24 April 2013 | News | By BioSpectrum Bureau
Novel remote controlled chip to serve as contraceptive for 16 years
Singapore: A new remote-controlled contraceptive chip designed by Massachusetts Company Micro CHIPS could serve as a contraceptive for 16 years. The chip works by being implanted into the skin. A daily dose of 30 milligrams of levonorgestrel must be administered.
A remote control can be used to shut the chip off if she wants a child. The hormone is contained in small reservoirs in the microchip.
The reservoirs are covered with a hermetic titanium and platinum seal created by MicroCHIPS. An electric current from an internal battery travels through the seal and temporarily melts it, which allows for a small dose of the hormone to be released in the body each day.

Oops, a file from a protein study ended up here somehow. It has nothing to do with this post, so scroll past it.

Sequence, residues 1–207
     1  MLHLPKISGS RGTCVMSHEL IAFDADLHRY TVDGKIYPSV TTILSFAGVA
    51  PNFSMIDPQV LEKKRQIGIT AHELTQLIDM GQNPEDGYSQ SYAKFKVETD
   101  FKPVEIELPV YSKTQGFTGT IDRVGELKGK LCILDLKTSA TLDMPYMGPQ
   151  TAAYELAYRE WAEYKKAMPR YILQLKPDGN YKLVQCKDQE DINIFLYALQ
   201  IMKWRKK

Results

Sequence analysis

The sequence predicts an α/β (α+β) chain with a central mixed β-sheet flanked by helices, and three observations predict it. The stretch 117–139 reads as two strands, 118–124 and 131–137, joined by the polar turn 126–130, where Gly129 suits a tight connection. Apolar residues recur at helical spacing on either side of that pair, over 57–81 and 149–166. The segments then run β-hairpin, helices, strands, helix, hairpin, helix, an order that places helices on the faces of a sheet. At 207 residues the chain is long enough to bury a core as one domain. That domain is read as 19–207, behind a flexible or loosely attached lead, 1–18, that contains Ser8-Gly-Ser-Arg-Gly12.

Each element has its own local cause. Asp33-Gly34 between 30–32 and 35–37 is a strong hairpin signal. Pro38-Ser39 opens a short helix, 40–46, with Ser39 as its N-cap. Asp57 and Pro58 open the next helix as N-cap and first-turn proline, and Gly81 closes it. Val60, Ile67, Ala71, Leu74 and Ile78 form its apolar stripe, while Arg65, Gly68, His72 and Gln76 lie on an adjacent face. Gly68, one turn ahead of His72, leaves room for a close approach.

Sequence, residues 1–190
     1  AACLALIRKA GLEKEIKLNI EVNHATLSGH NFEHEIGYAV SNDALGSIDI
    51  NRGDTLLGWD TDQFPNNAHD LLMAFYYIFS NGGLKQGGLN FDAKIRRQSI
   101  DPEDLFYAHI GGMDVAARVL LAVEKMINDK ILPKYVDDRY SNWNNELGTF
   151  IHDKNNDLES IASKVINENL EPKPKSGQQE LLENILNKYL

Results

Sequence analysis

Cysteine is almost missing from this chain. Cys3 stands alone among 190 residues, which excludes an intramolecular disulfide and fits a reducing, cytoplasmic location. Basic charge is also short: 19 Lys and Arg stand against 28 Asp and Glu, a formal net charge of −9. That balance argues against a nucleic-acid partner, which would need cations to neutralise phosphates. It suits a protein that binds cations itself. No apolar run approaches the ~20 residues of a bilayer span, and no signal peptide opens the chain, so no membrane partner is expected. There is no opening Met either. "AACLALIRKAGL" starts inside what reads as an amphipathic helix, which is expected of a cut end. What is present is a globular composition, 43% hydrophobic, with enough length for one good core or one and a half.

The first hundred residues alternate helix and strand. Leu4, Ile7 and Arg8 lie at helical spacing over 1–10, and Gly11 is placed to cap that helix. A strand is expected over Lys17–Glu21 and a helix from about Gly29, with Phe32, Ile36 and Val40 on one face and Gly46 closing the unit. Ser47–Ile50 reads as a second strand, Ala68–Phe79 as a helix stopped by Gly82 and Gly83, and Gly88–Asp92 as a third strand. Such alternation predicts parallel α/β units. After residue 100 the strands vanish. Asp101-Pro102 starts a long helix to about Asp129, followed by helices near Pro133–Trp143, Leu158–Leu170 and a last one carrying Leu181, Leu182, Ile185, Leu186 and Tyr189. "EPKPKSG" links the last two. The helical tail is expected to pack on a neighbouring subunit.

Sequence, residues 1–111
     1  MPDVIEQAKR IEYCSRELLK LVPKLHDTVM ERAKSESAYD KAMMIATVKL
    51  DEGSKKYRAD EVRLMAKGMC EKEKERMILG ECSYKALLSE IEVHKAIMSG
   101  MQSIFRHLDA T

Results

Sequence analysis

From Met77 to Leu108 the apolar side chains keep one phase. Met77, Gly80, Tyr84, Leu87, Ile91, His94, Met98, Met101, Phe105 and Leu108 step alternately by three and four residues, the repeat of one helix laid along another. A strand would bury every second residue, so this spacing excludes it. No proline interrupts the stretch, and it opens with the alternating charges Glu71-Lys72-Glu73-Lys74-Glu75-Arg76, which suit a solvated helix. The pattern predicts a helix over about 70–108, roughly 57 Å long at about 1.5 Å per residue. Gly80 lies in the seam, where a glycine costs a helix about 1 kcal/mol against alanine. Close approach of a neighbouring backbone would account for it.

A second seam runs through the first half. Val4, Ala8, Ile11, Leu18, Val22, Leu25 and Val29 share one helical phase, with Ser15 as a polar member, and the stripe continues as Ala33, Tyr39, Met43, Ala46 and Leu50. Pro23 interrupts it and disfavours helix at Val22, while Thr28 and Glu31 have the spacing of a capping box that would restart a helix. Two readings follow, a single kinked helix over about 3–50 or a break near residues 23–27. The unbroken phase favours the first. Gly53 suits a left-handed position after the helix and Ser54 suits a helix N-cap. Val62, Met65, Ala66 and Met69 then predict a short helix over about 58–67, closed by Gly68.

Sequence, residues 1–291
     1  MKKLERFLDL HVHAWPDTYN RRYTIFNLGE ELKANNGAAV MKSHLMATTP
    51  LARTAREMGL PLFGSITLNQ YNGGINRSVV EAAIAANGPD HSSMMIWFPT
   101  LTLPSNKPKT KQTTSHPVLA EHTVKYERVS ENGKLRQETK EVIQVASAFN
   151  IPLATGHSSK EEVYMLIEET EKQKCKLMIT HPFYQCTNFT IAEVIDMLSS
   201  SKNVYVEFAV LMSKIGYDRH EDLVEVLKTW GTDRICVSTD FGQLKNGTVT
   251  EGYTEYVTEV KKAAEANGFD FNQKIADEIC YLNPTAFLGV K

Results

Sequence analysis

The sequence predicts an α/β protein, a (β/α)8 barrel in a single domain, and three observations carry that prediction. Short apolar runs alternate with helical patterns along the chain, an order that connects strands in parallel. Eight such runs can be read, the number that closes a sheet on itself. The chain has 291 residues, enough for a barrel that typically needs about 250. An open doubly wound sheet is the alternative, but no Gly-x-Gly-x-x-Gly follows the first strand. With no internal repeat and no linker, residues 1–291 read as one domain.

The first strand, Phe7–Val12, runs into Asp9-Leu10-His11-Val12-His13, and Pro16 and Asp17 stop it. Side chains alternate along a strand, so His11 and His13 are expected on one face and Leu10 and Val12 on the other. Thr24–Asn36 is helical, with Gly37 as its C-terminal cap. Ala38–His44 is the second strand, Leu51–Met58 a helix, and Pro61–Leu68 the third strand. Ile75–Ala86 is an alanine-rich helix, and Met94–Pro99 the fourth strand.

According to a news report, the chip can be potentially used for many other applications as it can store and release any drug slowly over a period of time. This chip can be activated and inactivated by remote control to cater specific needs.
The company said that a local anesthetic would be needed in a procedure lasting 30 minutes, to insert the chip into the body. The device was shown to be a success, with no adverse immune reaction taking place in human trial. The company forsees that the chip would be available worldwide by 2018.